19. You obviously work and travel with a great deal of respect for others. I think it’s a very difficult task to put aside differences when we are continually bombarded with messages that tell us to be afraid of what is outside our personal experience–or comfort zone, but holding onto respect for others, despite comfort, is one very significant way we can contribute to a better global community. I see you doing that with your photo assignments. Your travel must be amazing! Debra

  20. I want to thank everybody for the encouragement. It means a lot, particularly with a potentially difficult subject like this. I feel so much respect and understanding in all of the comments here. Makes it all so worth while.

  21. It was very interesting to get a glimpse through your photographs of a part of the world I will never see. I greatly admire your talent and skill at people photography. I was fascinated by all the men in their black business suits in that last photo. They look so serious!

  22. “Orientalism. Western Concept of the Orient by Edward Wadie Said.”
    All I can say is I hope that’s on kindle, as I am weighed down by far too
    many books as it is. I was home schooled by a deeply religious program.
    I was raised in a christian based inviroment and was curious about
    religion in general. So I wanted to continue to study it. As I dug deep
    into the particulars of the faith – and poured over disgustingly biased
    accounts of world history – that often completely ignored the world
    changeing achievements of non-western cultures. I found myself
    forced to drop the program and see how I fared in a college
    entry exam. I passed with flying colors despite never
    compleating the program, and I don’t regreat it.

  23. “But a good cup of coffee or tea in an intimate café makes life go around no matter what else happens in the world.” Well said and more. I admire you sense of adventure, the courage and bravery, the passion to live life and embrace other cultures. You go to places where we only dream about. Be safe my friend. Wonderful post that speaks of realities , or real people and events. Thank you.

  24. The absence of women is bothering for me too. I hope the women meet elsewhere in town for their coffee and chat. Apart from that the photo’s show a relaxed setting and I think it is very important to break down prejudices. So, let’s have lots and lots of coffee together!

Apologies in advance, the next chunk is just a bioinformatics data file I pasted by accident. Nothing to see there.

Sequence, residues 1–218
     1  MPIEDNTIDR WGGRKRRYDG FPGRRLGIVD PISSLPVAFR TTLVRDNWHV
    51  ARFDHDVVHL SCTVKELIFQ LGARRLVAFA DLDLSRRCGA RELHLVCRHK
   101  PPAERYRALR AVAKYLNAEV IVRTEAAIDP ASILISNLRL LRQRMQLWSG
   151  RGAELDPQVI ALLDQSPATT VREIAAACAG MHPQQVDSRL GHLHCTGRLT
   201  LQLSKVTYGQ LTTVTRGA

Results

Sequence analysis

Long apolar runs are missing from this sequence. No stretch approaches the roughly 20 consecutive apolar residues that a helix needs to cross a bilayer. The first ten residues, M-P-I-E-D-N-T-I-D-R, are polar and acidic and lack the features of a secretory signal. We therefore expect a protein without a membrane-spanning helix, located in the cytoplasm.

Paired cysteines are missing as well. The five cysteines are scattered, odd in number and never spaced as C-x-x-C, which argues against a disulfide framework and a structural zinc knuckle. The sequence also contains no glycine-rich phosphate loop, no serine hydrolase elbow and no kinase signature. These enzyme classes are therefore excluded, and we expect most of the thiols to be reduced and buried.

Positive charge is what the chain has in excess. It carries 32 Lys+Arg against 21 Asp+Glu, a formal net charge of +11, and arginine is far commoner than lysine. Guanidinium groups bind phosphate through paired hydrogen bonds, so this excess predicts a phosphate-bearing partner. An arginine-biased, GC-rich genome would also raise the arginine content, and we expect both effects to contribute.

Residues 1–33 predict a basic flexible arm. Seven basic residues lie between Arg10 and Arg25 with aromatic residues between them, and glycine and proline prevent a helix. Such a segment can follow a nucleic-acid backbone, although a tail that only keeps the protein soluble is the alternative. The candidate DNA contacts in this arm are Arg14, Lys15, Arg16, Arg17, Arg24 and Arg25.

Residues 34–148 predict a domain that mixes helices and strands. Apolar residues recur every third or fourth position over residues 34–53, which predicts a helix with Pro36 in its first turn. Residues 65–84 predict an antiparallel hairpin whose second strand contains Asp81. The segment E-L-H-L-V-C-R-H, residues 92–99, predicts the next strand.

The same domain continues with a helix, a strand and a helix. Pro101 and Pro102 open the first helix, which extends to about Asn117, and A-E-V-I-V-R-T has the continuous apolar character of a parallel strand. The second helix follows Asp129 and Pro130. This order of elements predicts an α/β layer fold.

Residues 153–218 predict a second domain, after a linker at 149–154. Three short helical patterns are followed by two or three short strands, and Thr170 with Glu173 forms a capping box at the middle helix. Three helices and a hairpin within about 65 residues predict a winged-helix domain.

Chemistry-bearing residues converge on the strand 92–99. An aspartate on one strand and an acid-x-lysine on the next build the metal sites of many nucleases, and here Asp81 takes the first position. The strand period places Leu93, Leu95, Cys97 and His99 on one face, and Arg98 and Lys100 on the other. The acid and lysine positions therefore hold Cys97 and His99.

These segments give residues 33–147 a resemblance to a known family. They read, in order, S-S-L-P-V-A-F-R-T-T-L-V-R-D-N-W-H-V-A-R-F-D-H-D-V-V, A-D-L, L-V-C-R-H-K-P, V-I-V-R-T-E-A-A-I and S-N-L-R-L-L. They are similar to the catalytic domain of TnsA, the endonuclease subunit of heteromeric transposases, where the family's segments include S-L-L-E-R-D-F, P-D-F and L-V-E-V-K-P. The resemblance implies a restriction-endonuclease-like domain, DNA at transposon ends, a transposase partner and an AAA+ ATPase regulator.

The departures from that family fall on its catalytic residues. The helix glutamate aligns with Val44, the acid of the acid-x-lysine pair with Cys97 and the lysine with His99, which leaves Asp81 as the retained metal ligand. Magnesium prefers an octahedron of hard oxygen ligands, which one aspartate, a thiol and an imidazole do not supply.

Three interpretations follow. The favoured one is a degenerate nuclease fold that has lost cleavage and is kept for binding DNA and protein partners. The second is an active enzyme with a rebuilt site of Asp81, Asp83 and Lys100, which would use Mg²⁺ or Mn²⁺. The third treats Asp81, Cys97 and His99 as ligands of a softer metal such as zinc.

25. Jag arbetar ju med muslimer här i Frankrike, de flesta bryr sig inte ens om Islam, men i första hand sà är de ju endast människor som alla andra, med sina egna erfarenheter…

    I work with muslims here in France, most of them don’t care about Islam, mais they are just humans like us others, with theirs experiences…

    Tack för vackra fotografier! Thanks for beautiful images!

  26. Wow!!! I will definitely come back to this blog..Your photos and journalistic gift are stupendous. Today is my husband’s birthday, so I must scurry away, but I will be back..

  27. This is such a wonderful blog! It is nice to hear a balanced view of the situation in the Arab countries that have recently gone through great upheavals. Else what one hears is either euphoric or gloomy in tone. But as you say, there is a very long way to go.


  28. Thanks for visiting my blog, I really like your Tunisian pix. Sadly I don’t get to travel the way I used to, its the ‘cut backs’ here in England-land. Magazines I work (worked?) for tend to grab pics from facebook now instead of commissioning. Que sera sera…

    1. So true about facebook. They clearly state a member must own the copyright (or give credit) of what they post, and they have a automatic license to do what they wish with the data – text and photos. I can’t understand why people keep giving their work away…

  29. Eloquent! I have a deeper understanding of the socioeconomic atmosphere of Tunisia via this reading and… I felt what you felt as you sat in the cafe in Tunisia! Thank you!

  30. Hi Otto thanks for your visit! I enjoyed reading this article and watching your pictures. It’s interesting to see trough your eyes and vision about the conflicts and situation that Tunisia lives today. Great post!

  31. Thanks for the last entries, it’s so interesting to read what each of you get out of this posting. And fantastic for me with all the support you so generously give of. Deptford Pudding, yes I think that is the case all over, that magazines generally don’t much support assignments, not only abroad but everywhere. Facebook is indeed much “cheaper”.

  32. Great post. My heart belongs to Tunisia, since I was there the first time 1999. 16 times I have been there, last visit 2 years ago (more on my blog). I m glad Ben Ali is gone, hopefully the situation for the people there gets better now. One time I have seen him in Sousse.

    Best Regards, Frauke

  33. Discovered your blog after you liked one of my posts, thank you. Particularly like the second image, you can see he is wondering why you want to take a picture of him and why can’t you work faster. The joys of documentary photography.